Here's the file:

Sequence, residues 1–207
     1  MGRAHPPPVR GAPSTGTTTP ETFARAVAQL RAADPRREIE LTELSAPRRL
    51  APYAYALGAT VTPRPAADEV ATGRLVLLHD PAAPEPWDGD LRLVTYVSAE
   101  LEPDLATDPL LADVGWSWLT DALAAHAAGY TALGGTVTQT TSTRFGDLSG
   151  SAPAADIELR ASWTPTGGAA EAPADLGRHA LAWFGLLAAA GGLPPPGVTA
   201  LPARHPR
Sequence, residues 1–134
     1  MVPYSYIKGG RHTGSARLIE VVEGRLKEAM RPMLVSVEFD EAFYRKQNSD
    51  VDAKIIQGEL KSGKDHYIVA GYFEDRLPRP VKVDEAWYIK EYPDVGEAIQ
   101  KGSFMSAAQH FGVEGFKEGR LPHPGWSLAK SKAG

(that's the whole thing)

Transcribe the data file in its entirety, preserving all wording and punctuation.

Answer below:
Sequence, residues 1–207
     1  MGRAHPPPVR GAPSTGTTTP ETFARAVAQL RAADPRREIE LTELSAPRRL
    51  APYAYALGAT VTPRPAADEV ATGRLVLLHD PAAPEPWDGD LRLVTYVSAE
   101  LEPDLATDPL LADVGWSWLT DALAAHAAGY TALGGTVTQT TSTRFGDLSG
   151  SAPAADIELR ASWTPTGGAA EAPADLGRHA LAWFGLLAAA GGLPPPGVTA
   201  LPARHPR
Sequence, residues 1–134
     1  MVPYSYIKGG RHTGSARLIE VVEGRLKEAM RPMLVSVEFD EAFYRKQNSD
    51  VDAKIIQGEL KSGKDHYIVA GYFEDRLPRP VKVDEAWYIK EYPDVGEAIQ
   101  KGSFMSAAQH FGVEGFKEGR LPHPGWSLAK SKAG